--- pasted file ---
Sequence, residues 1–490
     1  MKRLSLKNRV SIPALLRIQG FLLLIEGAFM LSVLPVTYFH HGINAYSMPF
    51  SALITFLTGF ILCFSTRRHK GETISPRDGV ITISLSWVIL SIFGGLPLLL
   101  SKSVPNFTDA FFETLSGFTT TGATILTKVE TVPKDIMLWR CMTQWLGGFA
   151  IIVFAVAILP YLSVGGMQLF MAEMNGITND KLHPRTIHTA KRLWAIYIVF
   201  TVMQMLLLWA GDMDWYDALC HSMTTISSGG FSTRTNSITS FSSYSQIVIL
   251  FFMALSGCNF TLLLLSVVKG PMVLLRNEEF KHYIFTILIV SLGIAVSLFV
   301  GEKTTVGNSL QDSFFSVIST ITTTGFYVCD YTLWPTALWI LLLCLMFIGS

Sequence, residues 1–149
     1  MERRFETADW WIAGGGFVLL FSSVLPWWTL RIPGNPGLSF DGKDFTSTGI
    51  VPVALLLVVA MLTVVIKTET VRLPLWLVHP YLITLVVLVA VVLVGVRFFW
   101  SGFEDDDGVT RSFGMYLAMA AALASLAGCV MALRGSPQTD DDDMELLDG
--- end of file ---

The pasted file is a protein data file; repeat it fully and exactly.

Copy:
Sequence, residues 1–490
     1  MKRLSLKNRV SIPALLRIQG FLLLIEGAFM LSVLPVTYFH HGINAYSMPF
    51  SALITFLTGF ILCFSTRRHK GETISPRDGV ITISLSWVIL SIFGGLPLLL
   101  SKSVPNFTDA FFETLSGFTT TGATILTKVE TVPKDIMLWR CMTQWLGGFA
   151  IIVFAVAILP YLSVGGMQLF MAEMNGITND KLHPRTIHTA KRLWAIYIVF
   201  TVMQMLLLWA GDMDWYDALC HSMTTISSGG FSTRTNSITS FSSYSQIVIL
   251  FFMALSGCNF TLLLLSVVKG PMVLLRNEEF KHYIFTILIV SLGIAVSLFV
   301  GEKTTVGNSL QDSFFSVIST ITTTGFYVCD YTLWPTALWI LLLCLMFIGS

Sequence, residues 1–149
     1  MERRFETADW WIAGGGFVLL FSSVLPWWTL RIPGNPGLSF DGKDFTSTGI
    51  VPVALLLVVA MLTVVIKTET VRLPLWLVHP YLITLVVLVA VVLVGVRFFW
   101  SGFEDDDGVT RSFGMYLAMA AALASLAGCV MALRGSPQTD DDDMELLDG